Three brothers will be fined €22 million ($24m) for defaulting on loans they received to build a data center in County Wicklow, Ireland.

The Irish Court of Appeal (CoA) has upheld a High Court judgment against Brian, Kenneth, and Maurice McDonagh, who borrowed €21.8 million in 2007 to buy land for a data center. The data center received planning permission, but was never built, and receivers were called in. The brothers broke a 2014 agreement to sell the land to help repay the money, the Court found, according to a lengthy report in the Irish Times.

Brian McDonagh, Ecologic Data Centre Ltd
Brian McDonagh – Peter Judge

"World's largest data center"

Around 2010, the brothers' firm, Ecologic Data Centers, proposed a 100MW data center campus at Kilpedder, near the town of Newtownmountkennedy. Ecologic claimed it would build the "world's largest data center". on the 81 acre site, but struggled with initial objections and opposition from the regulatory board.

By 2016, Ecologic was promising an off-grid development powered by renewable energy. The campus would be carbon negative, and include a district heating scheme providing free heating to local homes and farms. The 10 halls were each to be named after an Irish author.

However, at this stage, the brothers were already in trouble with the bank. They had agreed with the bank to sell the land by the end of July 2014 to cover their debts, but failed to do so. They also failed to build the campus which they were still promising to build.

In 2018, Ulster Bank sued to get its money back. The land was put up for sale in 2019, with sales documents specifying there was permission for 6 two-story data centers, each more than 10,000 sq m (120k sq ft).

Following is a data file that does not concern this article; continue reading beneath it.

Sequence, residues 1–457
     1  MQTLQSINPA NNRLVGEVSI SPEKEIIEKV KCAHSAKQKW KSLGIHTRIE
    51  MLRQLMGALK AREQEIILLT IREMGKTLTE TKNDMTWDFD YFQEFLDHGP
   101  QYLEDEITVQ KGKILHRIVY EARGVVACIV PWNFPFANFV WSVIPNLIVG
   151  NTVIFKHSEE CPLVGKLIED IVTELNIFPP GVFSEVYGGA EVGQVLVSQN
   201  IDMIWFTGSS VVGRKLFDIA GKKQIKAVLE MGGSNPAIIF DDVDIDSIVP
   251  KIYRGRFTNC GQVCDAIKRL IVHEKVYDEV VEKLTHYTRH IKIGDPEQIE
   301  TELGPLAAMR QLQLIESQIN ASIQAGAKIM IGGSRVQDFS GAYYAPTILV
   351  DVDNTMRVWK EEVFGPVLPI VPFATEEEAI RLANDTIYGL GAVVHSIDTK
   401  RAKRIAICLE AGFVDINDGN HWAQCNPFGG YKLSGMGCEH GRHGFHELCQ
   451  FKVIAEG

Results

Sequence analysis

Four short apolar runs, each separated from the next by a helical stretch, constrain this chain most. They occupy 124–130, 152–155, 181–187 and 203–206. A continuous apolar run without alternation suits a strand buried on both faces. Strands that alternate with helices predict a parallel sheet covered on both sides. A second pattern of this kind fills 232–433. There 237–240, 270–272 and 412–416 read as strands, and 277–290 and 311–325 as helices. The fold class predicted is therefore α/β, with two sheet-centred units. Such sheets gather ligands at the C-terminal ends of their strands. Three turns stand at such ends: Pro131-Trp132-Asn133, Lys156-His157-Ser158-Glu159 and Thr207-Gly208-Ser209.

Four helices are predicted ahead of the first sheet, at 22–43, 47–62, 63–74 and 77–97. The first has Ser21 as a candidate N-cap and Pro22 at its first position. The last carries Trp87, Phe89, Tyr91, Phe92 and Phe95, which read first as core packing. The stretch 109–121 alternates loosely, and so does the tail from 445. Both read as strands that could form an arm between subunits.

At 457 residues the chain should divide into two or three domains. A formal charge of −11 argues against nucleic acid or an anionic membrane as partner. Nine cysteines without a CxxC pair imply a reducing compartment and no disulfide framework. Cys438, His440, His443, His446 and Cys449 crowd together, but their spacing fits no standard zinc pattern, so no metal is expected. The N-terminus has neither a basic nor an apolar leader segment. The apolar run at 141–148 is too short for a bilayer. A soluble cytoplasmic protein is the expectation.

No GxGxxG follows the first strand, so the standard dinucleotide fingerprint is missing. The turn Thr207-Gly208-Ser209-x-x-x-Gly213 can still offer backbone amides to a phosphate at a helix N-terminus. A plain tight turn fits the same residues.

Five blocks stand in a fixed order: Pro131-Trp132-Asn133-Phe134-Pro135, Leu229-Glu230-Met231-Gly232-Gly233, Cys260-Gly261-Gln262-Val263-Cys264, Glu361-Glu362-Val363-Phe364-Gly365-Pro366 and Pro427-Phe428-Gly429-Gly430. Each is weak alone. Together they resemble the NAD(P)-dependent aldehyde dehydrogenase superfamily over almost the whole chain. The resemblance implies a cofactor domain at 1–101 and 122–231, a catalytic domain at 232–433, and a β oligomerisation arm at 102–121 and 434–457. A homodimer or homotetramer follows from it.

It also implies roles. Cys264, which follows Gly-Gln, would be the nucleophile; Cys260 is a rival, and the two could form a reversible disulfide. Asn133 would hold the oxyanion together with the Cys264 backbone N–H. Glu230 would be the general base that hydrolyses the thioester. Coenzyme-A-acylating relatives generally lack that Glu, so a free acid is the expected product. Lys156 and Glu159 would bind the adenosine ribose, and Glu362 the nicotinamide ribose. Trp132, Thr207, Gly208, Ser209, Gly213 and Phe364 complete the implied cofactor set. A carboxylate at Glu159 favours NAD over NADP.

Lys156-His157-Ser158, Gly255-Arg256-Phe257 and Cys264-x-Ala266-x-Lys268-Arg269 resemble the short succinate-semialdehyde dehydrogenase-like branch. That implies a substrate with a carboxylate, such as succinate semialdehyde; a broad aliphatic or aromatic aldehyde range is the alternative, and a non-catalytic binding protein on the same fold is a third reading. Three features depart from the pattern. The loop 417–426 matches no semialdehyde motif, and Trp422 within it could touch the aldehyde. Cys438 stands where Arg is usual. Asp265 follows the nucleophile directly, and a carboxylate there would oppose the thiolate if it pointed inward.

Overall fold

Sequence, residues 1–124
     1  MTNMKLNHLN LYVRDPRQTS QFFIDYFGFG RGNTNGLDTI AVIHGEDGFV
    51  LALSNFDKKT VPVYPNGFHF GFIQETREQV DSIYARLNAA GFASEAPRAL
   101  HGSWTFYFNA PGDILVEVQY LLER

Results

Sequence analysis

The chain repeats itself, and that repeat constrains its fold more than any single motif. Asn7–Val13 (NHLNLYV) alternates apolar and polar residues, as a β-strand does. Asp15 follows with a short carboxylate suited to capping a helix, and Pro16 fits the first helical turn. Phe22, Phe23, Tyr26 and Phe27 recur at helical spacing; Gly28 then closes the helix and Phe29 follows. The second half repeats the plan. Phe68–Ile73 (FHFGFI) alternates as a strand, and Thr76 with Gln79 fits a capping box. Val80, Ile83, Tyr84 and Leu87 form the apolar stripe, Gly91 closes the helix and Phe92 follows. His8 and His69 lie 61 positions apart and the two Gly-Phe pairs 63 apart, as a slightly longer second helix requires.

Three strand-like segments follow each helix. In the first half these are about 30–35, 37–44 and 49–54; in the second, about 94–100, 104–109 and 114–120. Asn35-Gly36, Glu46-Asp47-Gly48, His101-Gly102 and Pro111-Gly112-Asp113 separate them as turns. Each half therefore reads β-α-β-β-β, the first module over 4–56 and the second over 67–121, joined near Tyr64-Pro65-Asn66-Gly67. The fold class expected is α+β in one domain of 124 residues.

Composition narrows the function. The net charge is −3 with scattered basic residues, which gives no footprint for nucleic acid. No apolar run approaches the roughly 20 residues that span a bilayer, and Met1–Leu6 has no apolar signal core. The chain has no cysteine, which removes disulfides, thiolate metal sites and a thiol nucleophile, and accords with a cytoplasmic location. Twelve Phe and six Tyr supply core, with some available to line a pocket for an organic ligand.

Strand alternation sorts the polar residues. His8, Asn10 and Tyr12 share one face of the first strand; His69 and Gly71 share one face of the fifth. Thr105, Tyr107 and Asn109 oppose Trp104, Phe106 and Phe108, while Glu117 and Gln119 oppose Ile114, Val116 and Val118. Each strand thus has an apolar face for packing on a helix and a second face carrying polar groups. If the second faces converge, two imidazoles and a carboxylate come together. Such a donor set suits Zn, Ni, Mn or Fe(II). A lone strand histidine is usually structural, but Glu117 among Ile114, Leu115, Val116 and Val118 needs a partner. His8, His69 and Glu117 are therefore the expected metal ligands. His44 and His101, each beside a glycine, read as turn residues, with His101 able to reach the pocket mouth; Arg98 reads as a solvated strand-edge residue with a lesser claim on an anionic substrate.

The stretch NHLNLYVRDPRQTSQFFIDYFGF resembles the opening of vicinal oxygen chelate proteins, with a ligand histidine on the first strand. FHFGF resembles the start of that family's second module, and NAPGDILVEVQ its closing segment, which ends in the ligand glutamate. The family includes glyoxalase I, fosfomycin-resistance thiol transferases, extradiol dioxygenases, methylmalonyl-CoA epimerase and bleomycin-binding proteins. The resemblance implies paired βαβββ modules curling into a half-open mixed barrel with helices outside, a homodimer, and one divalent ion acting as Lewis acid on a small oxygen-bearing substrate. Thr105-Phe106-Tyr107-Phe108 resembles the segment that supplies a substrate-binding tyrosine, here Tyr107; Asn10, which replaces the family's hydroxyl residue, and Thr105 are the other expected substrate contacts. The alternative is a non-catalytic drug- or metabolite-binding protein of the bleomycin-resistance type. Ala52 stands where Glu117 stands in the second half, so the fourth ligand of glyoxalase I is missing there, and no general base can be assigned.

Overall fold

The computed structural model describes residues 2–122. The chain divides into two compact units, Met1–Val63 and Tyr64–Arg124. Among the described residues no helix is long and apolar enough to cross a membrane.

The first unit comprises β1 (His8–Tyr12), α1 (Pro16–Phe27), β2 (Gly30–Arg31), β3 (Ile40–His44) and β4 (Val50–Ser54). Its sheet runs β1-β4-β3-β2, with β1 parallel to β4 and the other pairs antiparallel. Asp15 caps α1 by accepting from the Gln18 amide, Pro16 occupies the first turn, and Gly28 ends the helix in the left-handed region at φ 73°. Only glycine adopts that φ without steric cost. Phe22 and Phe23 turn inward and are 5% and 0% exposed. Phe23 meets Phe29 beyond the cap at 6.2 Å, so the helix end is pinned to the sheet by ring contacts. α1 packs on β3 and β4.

Savilles, Kilpedder data center.png
– Savilles

In 2020 Justice Michael Twomey fined the defendents €22 million, saying that, not only had they breached the agreement to sell the land, they had attempted to deceive the bank by trying to sell the land to Brian McDonagh for €1.5 million. The brothers arranged to sell the land to a company, called Granja Ltd, which the bank said was “in fact ‘a front’ for Brian McDonagh”.

Someone else settled?

The brothers said the bank could not claim their debt because it had entered into a settlement agreement with real estate firm CBRE, which was also involved in the project. Ulster Bank had also sued CBRE over the valuation of the land, settling that suit in 2016 by paying €5.3 million. The brothers claimed that this settled their original debt, but the court rejected that.

In the current appeal, Kenneth and Maurice McDonagh claimed that the High Court was wrong to reject their claim that CBRE had settled their debt, and also argued that adverse findings against Brian McDonagh did not appeal to them. Brian McDonagh, meanwhile tried to have additional evidence considered.

The Court of Appeal ruling, from Mr. Justice Brian Murray, Mr. Justice Maurice Collins, and Ms. Justice Teresa Pilkington, dismissed the brothers' appeals.

There was “absolutely no basis on which it could be suggested that CBRE could have any such liability to the defendants”, said Justices Murray and Collins.

It was “impossible to see a basis on which CBRE could be required to make any contribution to the defendants, given that the effect of such contribution would be to relieve the defendants of a contractual obligation freely undertaken by them and confer a windfall benefit on them insofar as they would be relieved, at least in part, from the obligation to repay monies of which they had had the benefit," said the Court of Appeal judgment.

While attempting to restart the Ecologic proposal, Brian McDonagh opposed other data center projects in Ireland. In 2016, he opposed Apple’s proposal to build in Athenry, which was abandoned in 2018. Also in 2018, McDonagh appealed against Echelon Data's plans for a 100MW data center in County Wicklow not far from the Kilpedder site.

The Kilpedder site may yet have data centers built on it. In 2021, it appears to have been bought by Quanta Capital for an undisclosed sum. Quanta said it bought an 82-acre site at Kilpedder with planning permission for 700,000 sq ft of data center space on 40 of its 82 acres. DCD has reached out to Quanta Capital, but has not heard further news on the site.

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